In my opinion, there is no such thing as ‘good’ or ‘bad’ sleepers. We don’t have to teach our babies how to sleep any more than we need to teach them how to pee. Sleep is a biological necessity. So whilst all children can sleep, what differs is; how they fall sleep, how long they sleep for, their sleep quality, level of parental intervention required, and the performance they give before, during or after they go to sleep.
As parents. what we can focus on is providing an environment that is conducive to sleep, enabling them to learn the skill of self settling, following our babies’ sleep cues, and respecting their unique temperaments.
In my experience, there tends to be a pattern between those who sleep well, and those who experience sleep difficulties.
So what are separates the ‘good’ sleepers from the not-so-good?
Routine: Babies thrive on routine and feel secure knowing what they can expect. The babies who sleep for longer and more regular intervals do so because they are on a routine with specific awake time, day naps, scheduled meal and play times. Establishing consistent, healthy sleep associations is also beneficial for encouraging your baby to sleep; e.g. swaddle/sleep bag, white noise, comforter, read book, kiss goodnight. For my ‘ready to go’ routines by age group click here
Space: I advocate comforting our babies when they need us. I also know from experience, that we can do more harm than good to our babies’ sleep patterns by attending to them too soon; either waking them up, or interfering with their ability to self settle. No child or adult ever sleeps through the night. We all cycle through stages of light and deep sleep overnight, and can semi-wake multiple times. It is common for babies to cry out in their sleep; and it’s not always a cry for our intervention.
I am not talking about cry it out; but allowing a few minutes of space to see if your baby will fall back to sleep on their own (rather than rushing in at the first little protest) can have a profound impact on sleep habits.
Environment: Just as we can’ t be expected to sleep with bright lights, strange noises, or when we are too hot or cold, neither can our babies. Environment is paramount to establishing healthy sleep habits. In particular a dark room, white noise, a consistent temperature (between 19-22℃), and appropriate clothing and bedding; can make the difference between a baby who can transition between sleep cycles on their own, to a baby who frequently needs parental intervention because something in their environment is interfering with their ability to sleep well.
Boundaries: Just as we can’t our kids to jump on the couch one day, and make it a punishable offence the next; your child will not know why they can come into your bed at 5am and not 2am, or on a Monday but not a Tuesday. They will become confused if you sometimes feed them every time they wake overnight, and at other times; try to re-settle by rocking/patting/shushing back to sleep, or letting them cry it out. The babies who are better sleepers, usually are because again, it comes back to security in knowing what they can expect from us in response to their behaviour.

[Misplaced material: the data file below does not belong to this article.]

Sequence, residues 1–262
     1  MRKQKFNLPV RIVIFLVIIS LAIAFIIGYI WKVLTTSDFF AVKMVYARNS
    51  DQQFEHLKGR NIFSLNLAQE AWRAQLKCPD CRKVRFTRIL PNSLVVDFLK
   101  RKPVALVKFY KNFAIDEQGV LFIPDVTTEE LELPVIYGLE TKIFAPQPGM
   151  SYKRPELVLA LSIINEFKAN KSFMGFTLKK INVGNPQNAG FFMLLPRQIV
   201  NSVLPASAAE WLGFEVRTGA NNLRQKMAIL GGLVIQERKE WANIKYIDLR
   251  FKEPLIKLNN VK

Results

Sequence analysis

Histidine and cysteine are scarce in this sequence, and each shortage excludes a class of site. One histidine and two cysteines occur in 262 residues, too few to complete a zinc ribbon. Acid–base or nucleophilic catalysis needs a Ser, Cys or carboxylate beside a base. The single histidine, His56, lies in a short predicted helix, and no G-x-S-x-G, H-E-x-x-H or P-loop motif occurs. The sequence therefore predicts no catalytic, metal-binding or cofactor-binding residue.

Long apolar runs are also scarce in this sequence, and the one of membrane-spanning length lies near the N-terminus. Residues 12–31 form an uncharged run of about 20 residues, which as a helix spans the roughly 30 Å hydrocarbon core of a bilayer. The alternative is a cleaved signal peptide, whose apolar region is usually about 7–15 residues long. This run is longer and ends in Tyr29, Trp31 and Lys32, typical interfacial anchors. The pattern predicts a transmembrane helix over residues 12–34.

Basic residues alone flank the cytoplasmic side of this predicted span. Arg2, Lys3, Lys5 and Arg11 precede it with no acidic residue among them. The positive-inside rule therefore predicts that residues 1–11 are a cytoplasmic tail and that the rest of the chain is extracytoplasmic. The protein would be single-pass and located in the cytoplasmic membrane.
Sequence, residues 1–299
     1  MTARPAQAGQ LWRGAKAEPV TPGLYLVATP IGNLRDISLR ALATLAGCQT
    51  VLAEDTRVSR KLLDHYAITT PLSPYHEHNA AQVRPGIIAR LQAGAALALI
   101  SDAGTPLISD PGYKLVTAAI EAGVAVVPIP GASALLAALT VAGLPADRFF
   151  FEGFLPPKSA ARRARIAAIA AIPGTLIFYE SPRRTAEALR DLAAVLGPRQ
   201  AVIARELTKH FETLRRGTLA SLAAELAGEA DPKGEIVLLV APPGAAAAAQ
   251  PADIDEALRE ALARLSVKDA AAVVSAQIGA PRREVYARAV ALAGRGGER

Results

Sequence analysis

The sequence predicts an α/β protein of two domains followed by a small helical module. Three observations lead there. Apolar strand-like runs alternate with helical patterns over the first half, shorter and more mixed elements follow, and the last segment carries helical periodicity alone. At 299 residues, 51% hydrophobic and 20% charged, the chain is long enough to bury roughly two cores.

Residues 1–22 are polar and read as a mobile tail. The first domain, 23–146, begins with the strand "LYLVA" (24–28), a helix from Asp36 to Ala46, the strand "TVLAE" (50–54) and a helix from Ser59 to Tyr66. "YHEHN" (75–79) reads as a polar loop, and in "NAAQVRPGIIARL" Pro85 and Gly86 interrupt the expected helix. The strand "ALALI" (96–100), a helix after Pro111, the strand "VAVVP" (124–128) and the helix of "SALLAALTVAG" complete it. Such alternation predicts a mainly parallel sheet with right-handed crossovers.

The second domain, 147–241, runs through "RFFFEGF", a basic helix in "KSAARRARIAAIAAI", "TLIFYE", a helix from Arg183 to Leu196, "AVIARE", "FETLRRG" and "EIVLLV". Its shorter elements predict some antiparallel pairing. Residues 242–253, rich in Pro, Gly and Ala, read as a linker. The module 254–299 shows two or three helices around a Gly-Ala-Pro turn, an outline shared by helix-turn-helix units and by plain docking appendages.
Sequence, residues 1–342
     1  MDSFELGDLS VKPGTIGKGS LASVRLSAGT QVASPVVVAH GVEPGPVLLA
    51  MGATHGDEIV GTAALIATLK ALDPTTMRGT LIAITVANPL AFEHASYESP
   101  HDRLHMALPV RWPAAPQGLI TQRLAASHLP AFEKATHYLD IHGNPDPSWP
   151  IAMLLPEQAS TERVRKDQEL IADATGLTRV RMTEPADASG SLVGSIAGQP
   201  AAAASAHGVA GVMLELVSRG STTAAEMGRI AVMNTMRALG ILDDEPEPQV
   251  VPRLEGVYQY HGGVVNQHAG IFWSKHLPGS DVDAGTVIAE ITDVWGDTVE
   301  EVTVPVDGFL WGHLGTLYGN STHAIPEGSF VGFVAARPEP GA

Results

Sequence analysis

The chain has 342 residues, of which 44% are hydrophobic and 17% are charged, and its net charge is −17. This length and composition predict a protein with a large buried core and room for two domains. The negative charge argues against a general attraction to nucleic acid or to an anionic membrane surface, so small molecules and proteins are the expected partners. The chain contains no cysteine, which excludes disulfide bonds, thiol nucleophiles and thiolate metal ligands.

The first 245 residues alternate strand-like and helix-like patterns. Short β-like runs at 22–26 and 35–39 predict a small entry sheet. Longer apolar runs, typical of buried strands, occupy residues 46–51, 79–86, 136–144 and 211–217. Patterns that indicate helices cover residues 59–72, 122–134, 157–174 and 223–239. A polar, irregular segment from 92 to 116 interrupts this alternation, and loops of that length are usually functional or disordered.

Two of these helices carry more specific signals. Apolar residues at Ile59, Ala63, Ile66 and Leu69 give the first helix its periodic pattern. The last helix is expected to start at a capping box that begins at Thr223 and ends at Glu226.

More, not less: Being responsive to the evolving needs of our babies, especially in times of transition (such as teething, illness, milestones and general life progression) is paramount for building trust, and making your little one feel secure. I encourage listening, holding, cuddling, and sitting beside your child’s bed or cot if required during these times; as sometimes this is the difference between your baby sleeping, or not sleeping; and an overtired and unwell baby is a recipe for disaster. Just be aware of when your baby begins to feel better, and slowly reduce the intervention.
Genetics: There have been studies that demonstrate the role of genetics in sleep habits. Whilst daytime sleep is more affected by environmental factors, sleep duration (especially for babies around 6 months), is largely due to genetics. However, as our babies become older, the environment and routine overrides genetics in sleep duration and habits. From my experience with my kids, and many clients I have worked with; the apple doesn’t fall far from the tree. Safe to say, if mum or dad is an early riser, or a night owl, then you can expect your children to display these patterns also.
Temperament: Temperament is nature, not nurture, and influences the way that a child interacts with her environment. It can also impact a child’s ability to self-soothe. According to T. Berry Brazelton, some elements of temperament include activity level, distractibility, persistence, approach-withdrawal, intensity, adaptability, regularity, sensory threshold, and mood. The more sensitive, spirited, stubborn, persistent babies seem to have the most difficulty (and require the most parental intervention) when it comes to sleep; whereas the more relaxed, easy-going, adaptable, and calm babies tend to be better sleepers. We must consider our baby’s unique temperament when deciding on routine, how we respond to them, and the most effective sleep training method; as there is certainly no ‘one size fits all’ approach.
Boy vs girl?: There have been no studies to prove that one gender sleep better than another. Only in my experience, I have worked with more boys up to age 18 months, and girls 2-3 years. Not enough stats to form a solid conclusion, but watch this space!